While noting that these points can be valid, Fisher says that “we don’t have the luxury of scrapping these huge institutional systems.” Art, she argues, can push and subvert ingrained systems of power in fresh directions. She points to the collective Hello Velocity, a 2017 fellow that is developing Gradient, a system that lets users pay for purchases on a sliding scale based on their income. “We’re all complicit in capitalism,” Fisher says. “In order to change that we have to reimagine it while we’re living in it.”
They recognize that engaging so overtly with capitalism and commerce is something artists—especially socially conscious ones—prefer to avoid completely. But, said Hello Velocity’s Lukas Bentel, “If you want to talk about something it’s always better to get your hands a little dirty.”
Then there is the additional benefit of deploying art to tackle these problems: It acts as shield for bureaucracies or commerce platforms that otherwise wouldn’t dream of experimenting. Take 2014 ABOG fellow Jody Wood’s project—a mobile van that provided empowering beauty care to homeless people in New York. Or Jackie Sumell, a 2017 fellow, who is creating a “mobile prison abolition unit” that looks to create dialogue between the incarcerated and the wider public. Or Stephanie Dinkins, who is planning to work with people of color to understand how algorithms tend to replicate the biases of society, before ultimately designing a fairer artificial intelligence.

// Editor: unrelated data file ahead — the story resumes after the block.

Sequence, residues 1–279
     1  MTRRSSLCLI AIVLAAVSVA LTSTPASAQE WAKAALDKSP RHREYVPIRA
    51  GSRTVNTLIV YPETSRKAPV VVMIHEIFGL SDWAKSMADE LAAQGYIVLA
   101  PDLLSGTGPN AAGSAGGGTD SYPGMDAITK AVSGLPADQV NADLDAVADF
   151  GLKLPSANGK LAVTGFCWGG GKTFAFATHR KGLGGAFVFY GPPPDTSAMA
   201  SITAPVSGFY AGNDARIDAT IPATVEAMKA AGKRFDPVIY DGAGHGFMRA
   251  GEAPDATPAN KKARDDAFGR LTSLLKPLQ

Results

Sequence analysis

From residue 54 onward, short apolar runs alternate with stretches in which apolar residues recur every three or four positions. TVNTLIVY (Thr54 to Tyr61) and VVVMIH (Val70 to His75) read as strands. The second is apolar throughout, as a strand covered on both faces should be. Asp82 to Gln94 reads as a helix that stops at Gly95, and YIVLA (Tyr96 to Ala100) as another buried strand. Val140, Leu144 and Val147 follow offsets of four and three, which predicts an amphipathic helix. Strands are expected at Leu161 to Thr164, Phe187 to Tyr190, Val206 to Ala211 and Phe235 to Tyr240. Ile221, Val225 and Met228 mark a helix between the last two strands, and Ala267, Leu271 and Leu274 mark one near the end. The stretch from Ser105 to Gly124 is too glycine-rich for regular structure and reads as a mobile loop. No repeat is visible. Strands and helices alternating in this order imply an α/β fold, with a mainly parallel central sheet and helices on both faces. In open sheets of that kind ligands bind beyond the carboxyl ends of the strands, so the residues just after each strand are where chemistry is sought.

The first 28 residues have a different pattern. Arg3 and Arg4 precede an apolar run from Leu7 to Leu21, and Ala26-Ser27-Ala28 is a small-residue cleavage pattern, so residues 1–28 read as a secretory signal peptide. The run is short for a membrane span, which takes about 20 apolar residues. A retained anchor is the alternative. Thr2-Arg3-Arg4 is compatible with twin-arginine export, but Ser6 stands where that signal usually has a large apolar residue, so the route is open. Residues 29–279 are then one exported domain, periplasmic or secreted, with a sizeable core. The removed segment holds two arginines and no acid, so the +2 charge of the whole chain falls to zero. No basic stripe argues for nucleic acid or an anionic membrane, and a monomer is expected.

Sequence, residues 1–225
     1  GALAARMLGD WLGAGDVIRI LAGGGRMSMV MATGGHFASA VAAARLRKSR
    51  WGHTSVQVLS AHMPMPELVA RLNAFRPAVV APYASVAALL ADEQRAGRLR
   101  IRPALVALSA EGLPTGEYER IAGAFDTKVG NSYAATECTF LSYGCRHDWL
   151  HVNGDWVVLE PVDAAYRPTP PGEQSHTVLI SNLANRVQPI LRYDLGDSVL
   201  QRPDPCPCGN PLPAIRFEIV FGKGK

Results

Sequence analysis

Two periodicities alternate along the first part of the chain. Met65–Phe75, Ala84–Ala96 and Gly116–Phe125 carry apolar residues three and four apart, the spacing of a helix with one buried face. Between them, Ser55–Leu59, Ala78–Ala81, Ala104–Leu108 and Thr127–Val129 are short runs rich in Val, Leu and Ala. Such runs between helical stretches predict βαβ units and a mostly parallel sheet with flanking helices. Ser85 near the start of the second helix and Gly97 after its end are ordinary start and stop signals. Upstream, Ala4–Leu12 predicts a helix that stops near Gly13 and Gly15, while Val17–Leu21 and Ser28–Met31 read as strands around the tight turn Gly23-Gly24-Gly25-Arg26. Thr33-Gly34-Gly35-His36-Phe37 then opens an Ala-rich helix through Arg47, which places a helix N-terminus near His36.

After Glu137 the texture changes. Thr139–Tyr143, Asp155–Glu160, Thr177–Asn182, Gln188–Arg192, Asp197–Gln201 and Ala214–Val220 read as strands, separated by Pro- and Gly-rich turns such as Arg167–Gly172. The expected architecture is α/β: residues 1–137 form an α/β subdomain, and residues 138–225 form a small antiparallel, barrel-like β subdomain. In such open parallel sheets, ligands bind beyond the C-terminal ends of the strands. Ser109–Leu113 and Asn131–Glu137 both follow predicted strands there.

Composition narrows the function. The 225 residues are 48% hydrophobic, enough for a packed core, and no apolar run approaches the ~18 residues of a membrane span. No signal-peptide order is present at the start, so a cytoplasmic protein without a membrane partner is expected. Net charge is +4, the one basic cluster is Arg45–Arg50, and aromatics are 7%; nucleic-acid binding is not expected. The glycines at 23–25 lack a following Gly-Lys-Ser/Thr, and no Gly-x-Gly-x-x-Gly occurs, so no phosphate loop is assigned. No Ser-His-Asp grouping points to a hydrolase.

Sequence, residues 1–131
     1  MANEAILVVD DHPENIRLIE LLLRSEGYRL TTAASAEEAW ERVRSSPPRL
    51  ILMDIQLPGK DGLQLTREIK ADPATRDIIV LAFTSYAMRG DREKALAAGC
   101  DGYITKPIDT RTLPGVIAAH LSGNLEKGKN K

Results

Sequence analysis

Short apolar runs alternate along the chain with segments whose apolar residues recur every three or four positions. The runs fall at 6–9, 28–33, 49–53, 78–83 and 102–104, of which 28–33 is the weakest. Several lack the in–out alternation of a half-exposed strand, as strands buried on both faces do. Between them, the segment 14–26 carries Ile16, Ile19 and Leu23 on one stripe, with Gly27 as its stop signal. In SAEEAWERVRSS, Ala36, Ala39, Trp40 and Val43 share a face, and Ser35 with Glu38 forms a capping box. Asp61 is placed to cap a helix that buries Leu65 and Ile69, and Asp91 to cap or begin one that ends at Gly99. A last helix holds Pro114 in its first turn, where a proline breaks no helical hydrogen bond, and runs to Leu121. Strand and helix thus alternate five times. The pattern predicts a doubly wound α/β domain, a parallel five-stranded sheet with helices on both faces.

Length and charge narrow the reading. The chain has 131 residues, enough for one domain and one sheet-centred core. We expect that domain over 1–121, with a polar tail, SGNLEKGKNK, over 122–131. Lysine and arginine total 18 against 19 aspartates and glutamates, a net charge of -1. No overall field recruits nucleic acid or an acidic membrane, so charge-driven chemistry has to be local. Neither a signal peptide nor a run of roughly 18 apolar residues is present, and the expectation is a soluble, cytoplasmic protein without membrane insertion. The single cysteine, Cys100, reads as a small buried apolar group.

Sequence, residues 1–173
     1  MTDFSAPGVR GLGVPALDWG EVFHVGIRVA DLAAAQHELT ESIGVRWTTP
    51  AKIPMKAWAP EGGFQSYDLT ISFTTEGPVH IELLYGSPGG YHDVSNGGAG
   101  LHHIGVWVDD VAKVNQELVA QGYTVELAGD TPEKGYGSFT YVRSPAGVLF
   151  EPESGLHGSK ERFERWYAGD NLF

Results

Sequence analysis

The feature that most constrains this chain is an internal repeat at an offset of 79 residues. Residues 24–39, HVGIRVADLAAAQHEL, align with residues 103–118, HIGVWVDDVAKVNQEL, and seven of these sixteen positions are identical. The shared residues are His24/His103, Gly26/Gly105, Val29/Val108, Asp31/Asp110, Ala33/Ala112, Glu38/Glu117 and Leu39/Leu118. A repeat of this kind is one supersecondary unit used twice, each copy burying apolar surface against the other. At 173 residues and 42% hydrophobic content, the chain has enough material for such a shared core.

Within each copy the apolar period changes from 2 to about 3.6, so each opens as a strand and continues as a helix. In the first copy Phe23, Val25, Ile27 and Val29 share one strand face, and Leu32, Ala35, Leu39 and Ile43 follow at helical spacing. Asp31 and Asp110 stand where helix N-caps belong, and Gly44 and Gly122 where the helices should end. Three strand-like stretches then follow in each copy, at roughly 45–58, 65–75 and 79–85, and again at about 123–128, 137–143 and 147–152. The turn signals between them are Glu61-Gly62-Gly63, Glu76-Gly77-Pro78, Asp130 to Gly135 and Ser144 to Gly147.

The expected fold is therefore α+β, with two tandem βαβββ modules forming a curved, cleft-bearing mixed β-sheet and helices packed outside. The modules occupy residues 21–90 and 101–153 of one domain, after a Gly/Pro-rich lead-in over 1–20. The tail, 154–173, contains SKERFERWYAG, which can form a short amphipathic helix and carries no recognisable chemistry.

Socially engaged art is always full of contradictions. Its practitioners strive to make an impact—but also tout their ability, and perhaps willingness, to fail. They challenge systems of power—but must work within those systems in order to have real effect. But these points of seeming fissure are actually the source of socially engaged art’s power, not simply as a strategy, but as a form. As Fisher puts it, “Art is a place where we can hold contradictions and tensions.”